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How Endeavor One used an expert swordsman and dogs to create the virtual reality game ‘Arashi: Castles of Sin’

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(Endeavor One images)

Seattle-based virtual reality company Effort one plans to release its first game, Arashi: Castles of Sin, exclusive to PlayStation VR later this summer.

Endeavor One has been active in virtual, mixed, and augmented reality spaces for the past seven years. His past projects include collaborations such as Halo: Recruit for Windows Mixed Reality and Dome of the dead, a 2019 4 player cooperative shooter for Vulcan HoloDome.

According to the co-founder of Endeavor One Tom doyle, Arashi is Endeavor One’s first “game with a capital”, created by a 30-person team in Unity 3D, with the support of the Unity Seattle office, over the past two years. The team includes several veterans of the aura other Destination franchises, as well as various people who have worked on Microsoft AR and HoloLens.

Initially announced in early June via the official PlayStation blog, Arashi is a Kurosawa-influenced action / stealth game set in Japan in the early 16th century, relatively early in the It was Sengoku. As Kenshiro, the last surviving son of the noble house of Arashi, you have returned from exile to reclaim six castles from the Six Oni of Iga, a clan of bandits that have taken over much of Japan.

It’s you, your family’s katana, and your pet wolf against a small army, so you must do whatever it takes to equalize the odds.

Kenshiro is an assassin by trade, so all options are on the table. That can include stealth, infiltration, subtle target neutralization, a full pacifist run where you achieve Kenshiro’s goals without killing anyone, or simply wading the enemy with an arsenal of age-appropriate weapons.

“We want to make these weapons, these things that you interact with, very meaningful,” Doyle said in an interview with GeekWire. “That is the experience of our team: creating best-in-class IPs. We like great and great stories, and as much as the characters and locations, we want your tools to be iconic too. What we wanted to do was make that sword and how you use it as incredible as possible. “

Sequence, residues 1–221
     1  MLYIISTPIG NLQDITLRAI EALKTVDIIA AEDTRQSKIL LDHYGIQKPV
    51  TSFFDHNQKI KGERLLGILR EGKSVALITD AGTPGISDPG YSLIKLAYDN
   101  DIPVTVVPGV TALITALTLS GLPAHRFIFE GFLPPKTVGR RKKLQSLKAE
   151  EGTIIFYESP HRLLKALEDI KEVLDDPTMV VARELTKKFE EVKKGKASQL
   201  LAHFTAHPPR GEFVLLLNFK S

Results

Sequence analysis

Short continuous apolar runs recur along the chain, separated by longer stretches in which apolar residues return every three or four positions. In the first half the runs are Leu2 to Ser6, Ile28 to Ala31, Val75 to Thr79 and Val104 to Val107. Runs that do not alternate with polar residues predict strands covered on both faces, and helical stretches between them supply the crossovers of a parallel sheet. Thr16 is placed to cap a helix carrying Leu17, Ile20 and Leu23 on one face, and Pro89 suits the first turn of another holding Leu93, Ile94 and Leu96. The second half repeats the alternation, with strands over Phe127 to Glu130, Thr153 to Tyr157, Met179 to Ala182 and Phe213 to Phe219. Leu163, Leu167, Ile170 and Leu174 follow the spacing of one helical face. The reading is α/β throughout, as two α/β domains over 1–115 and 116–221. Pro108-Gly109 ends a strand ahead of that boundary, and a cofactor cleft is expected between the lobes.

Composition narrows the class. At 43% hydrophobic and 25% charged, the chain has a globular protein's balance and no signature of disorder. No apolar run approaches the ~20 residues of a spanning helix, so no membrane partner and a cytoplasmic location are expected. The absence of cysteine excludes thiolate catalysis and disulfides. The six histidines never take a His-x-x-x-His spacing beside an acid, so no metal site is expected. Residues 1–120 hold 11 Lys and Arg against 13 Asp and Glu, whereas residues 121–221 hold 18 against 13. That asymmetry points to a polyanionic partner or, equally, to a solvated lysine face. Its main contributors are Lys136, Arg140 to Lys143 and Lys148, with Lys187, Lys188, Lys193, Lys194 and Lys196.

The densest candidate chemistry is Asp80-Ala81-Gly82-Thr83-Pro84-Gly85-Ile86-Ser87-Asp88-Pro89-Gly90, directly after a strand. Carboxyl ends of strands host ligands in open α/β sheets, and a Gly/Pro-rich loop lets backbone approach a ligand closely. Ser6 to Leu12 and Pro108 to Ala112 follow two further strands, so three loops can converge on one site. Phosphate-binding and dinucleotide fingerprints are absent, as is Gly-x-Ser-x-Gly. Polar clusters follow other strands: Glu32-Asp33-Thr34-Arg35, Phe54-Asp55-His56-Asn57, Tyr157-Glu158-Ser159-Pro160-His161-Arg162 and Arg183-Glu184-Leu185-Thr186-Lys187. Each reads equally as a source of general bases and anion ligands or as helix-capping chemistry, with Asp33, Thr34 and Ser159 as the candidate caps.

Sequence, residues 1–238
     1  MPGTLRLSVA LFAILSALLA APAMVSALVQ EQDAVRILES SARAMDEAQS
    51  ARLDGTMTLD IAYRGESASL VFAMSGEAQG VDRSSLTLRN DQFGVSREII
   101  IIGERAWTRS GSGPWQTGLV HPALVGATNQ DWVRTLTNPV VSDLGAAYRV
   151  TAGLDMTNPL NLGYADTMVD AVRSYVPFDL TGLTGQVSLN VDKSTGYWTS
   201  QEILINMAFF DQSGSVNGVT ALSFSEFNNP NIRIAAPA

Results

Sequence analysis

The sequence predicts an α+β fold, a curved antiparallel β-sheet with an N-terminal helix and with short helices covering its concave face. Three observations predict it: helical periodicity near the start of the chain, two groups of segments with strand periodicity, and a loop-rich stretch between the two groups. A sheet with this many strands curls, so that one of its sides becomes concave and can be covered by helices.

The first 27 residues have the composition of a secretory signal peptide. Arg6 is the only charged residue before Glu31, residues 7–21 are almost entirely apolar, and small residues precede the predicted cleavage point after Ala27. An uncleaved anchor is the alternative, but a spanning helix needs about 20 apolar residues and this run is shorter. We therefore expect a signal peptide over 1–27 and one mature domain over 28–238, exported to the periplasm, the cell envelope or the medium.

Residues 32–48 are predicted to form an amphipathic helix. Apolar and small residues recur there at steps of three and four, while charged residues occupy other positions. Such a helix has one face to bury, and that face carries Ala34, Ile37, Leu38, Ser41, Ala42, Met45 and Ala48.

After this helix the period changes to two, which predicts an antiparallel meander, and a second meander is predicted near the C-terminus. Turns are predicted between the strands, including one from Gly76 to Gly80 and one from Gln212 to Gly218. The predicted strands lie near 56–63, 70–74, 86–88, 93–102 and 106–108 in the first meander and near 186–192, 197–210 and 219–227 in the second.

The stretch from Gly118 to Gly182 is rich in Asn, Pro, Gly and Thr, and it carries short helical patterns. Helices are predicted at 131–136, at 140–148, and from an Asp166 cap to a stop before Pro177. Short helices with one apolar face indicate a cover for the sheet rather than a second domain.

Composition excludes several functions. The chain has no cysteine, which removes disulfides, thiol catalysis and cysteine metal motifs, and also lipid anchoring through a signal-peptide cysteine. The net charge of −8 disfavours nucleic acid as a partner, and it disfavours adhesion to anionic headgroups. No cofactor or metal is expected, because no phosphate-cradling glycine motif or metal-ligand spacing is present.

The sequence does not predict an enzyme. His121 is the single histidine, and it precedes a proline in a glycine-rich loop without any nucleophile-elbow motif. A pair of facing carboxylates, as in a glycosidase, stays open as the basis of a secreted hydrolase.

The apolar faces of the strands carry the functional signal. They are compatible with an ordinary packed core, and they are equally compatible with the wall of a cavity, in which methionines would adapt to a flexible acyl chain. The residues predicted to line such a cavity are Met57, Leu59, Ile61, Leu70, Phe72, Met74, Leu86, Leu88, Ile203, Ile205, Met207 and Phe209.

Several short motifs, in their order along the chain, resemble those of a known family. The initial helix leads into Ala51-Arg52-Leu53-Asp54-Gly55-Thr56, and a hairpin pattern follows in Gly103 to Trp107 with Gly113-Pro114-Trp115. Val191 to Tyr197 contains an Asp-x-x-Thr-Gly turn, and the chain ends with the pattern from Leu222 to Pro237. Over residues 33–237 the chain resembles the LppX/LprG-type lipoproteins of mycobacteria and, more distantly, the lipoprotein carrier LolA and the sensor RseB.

Doyle describes By Arashi designed as a “combat sandbox”, made to be played in seven to nine hours, which is the long side for a modern virtual reality game. You must move through the game like a ninja, using your preferred tactics to liberate the six castles of Six Oni.

“We don’t skimp on details here,” said Doyle. “We employed teacher Russell McCartney, et al. Japanese fencing world record holder, and provided motion capture for the fighters you will train against in the game. You won’t just be fighting a bad guy who wields a sword; you are actually facing one of the best swordsmen alive. We really strive for authenticity. “

That includes your buddy in Arashi, Haru, Kenshiro’s wolf, who fights by your side throughout the game. (Korean wolves were relatively common in 16th century Japan, but they were driven to extinction during the Meiji era a couple of hundred years later.) To make a realistically modeled virtual wolf, Endeavor One ended up going to Canada to get some canine motion capture.

“It was a two-part excursion,” said Doyle. “We work with a partner in Canada, Beyond the catch, which has this stable of actors, and these actors have four legs and are hairy. They are fantastically trained, beautiful, and disciplined animals, and we had the opportunity to work with them to make sure our experience with Haru is as authentic as humanly possible. “

“Unfortunately,” he continued, “you cannot capture a wolf in motion, because they are wild animals. We use dogs, German Shepherds, who are incredibly similar in terms of physique. We did it, just for the benefit of the animation and art teams, we went to the wolf sanctuary, Predators of the heart, that’s because of Anacortes. We have to go hang out with dozens of these beautiful animals. “

Doyle has been an artist in the video game industry since 2002. He spent just under twelve years at Bungie, where he worked as a lead artist on Destination, all its expansions, and Destiny 2 before leaving the company in 2016.

“What’s ultimately so exciting about virtual reality is that there isn’t a playbook yet,” said Doyle. “Experiences are constantly being made and improved. That’s one of the things we try to do with our game, is get to the heart of what makes it an incredible moment-to-moment experience and not get caught up in expectations of what a ‘flat’ is. [2D, non-VR] provides the game “.

At the time of writing, Arashi does not have a specific release date other than “this summer”. It is planned to receive a physical release, however, through the publishing house Perp.

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